Before I get into the chapter summary though, I’d like to first talk a little about West End Games and my experience with Star Wars role playing games.
I was introduced to role playing games, otherwise known as RPG’s, many years ago. A buddy of mine used to play with his high school friends, but after going to university, he and his friends drifted apart. He and I became friends at university, and we both shared a love of Star Wars. He asked me if I ever played a role-playing game, to which I replied, no. He started recounting for me all the adventures he and his friends used to have, and he described them with such vivid detail and passion.
It was the vivid detail that grabbed my attention. Pretty soon, he had his sourcebooks out, and before long we were rolling my first character. Of all the templates to choose from, the one that attracted me most was the gambler. In a short matter of time, a few more people joined our circle, and before long, we had Sunday afternoon games at his place that would last for hours.
Whenever my buddy and I talk on the phone (he lives overseas now) we still talk about some of our Star Wars adventures.
West End Games was the company that produced the Star Wars role-playing game, and they used a D6 system, which means the die they used for the game were six sided. Of all the RPG systems out there, I still think that WEG’s D6 system was the easiest to use, and the most effective to play. WEG went out of business a while back, and the Star Wars role-playing game was purchased by Wizards of the Coast. They changed the game to the D20 system, and in doing so ruined the game for me. Wizards of the Coast revamped the core rule book a little while back, and from all reports that I’ve read have improved the game. But as it is, I haven’t played in a long while. I still purchase the sourcebooks though, and it is from a sourcebook that my post gets its impetus today.
Star Wars source books are considered Canon by Lucasfilm. I find source books extremely interesting to read, as they give nitty-gritty detail to almost anything in the Star Wars Universe.
Tales of the Jedi companion, chapter 4: Sith Reborn, gives us some nitty-gritty details into the story of Ulic Qel-dorma and the Beast Wars of Onderon.
Five characters are flushed out in further detail in this text, they are: Queen Amanoa, her husband Kind Ommin, the failed Jedi Freedon Nadd, the queen’s assistant Novar, and finally Warb Null. For this post I’ll only deal with three of them: The King, the Queen, and Freedon Nadd.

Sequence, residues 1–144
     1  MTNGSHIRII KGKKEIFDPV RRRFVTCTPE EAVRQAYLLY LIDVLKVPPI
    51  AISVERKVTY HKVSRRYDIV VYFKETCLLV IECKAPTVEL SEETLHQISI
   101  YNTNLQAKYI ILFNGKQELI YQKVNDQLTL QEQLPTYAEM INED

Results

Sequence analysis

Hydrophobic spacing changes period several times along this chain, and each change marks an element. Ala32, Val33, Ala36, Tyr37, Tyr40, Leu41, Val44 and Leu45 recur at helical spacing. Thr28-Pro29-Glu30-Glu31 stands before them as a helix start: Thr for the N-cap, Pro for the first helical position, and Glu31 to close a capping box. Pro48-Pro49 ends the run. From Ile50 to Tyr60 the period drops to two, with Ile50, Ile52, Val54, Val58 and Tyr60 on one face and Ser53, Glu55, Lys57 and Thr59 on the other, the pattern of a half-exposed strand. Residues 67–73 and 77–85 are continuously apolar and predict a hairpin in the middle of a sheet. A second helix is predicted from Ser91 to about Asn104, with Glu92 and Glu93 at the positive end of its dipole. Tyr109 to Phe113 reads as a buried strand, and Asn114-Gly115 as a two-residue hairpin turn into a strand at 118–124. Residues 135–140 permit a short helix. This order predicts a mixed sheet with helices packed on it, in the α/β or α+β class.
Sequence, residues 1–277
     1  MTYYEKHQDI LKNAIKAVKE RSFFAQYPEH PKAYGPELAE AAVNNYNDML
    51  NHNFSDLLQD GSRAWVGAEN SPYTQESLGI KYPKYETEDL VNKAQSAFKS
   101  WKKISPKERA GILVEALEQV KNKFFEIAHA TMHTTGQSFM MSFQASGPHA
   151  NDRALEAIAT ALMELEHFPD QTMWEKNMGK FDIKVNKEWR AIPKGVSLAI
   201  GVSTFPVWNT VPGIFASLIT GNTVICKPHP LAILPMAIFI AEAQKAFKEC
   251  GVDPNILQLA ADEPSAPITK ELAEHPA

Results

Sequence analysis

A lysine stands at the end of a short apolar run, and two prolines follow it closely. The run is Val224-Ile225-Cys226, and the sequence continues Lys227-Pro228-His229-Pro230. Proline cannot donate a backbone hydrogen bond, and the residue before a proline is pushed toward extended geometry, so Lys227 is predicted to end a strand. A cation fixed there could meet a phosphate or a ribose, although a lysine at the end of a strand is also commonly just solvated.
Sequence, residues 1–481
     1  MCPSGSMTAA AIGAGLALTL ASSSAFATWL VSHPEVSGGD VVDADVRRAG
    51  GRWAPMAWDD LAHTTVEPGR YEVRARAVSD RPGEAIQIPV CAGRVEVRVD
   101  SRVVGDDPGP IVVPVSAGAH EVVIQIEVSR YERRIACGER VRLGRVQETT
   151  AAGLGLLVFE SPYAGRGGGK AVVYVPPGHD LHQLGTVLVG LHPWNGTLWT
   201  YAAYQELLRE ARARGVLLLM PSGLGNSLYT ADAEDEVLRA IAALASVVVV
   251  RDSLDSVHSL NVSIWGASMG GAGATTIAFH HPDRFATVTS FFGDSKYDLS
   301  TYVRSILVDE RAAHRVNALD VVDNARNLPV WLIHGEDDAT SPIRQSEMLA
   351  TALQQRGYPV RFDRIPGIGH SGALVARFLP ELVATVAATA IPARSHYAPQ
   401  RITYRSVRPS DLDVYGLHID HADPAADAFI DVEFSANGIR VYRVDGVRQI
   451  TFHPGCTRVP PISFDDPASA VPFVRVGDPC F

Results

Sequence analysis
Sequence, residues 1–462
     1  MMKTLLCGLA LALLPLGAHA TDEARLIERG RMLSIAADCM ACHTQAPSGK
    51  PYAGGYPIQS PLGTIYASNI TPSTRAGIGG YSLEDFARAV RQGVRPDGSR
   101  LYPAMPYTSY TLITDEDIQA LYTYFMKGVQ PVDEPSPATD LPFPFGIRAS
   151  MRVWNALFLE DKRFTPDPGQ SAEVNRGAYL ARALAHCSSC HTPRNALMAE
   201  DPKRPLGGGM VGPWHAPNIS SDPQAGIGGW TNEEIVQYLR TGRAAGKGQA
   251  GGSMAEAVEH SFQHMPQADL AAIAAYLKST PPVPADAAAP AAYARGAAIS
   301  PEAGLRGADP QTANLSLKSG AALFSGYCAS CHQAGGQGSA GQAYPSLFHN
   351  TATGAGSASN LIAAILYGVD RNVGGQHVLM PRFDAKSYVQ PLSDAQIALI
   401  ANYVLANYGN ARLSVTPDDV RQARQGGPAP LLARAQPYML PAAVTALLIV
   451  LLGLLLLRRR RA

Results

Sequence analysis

In Chapter four, Sith Reborn, we are given a small narrative of Queen Amanoa before the arrival of the three Jedi sent by Master Jeth. Before the arrival of the Jedi, she killed a malcontent in her throne room using Sith magic. Some background is then provided on the Queen. Apparently, she did not completely embrace the darkside of the force when she first encountered it. Her husband, King Ommin, was a descendant of Freedon Nadd, and it was the spirit of Nadd that converted the king to a user of darkside magic. When the Queen had seen her husband under the Sith’s spell, she did all she could to get him to turn from his wicked ways. But the old saying holds true, “if you can’t beat ‘em, join ‘em” and this is what happened to the Queen. Unable to help her husband, she embraced the teachings of the Sith, and after her husband’s disappearance, began to commune with the spirit of Freedon Nadd. Needless to say, Queen Amanoa was hostile to the Jedi, right from the start.
King Ommin is an interesting character as well. A descendant of Freedon Nadd, it seems that his fate had always been sealed. After embracing the full power of the darkside, he was summarily crippled by it. As we learn by his story, full control over the power of the darkside has its price, and the price he payed was the loss of his ability to control his own body. I guess controlling the darkside is like making a deal with the devil – you think everything is going to work out in your favour, or you have control of the situation, only to learn in the end that nothing will go the way you want it to, and in fact, you are not in control.
Ulic Qel-Dorma and the Beast Wars of Onderon gave very little detail on the personage of Freedon Nadd. He operates as this master puppet behind the scenes, controlling the action. The Tales of the Jedi companion fills in some blanks for us.
For my next post I’ll be moving on to the Saga of Nomi Sunrider – for real this time.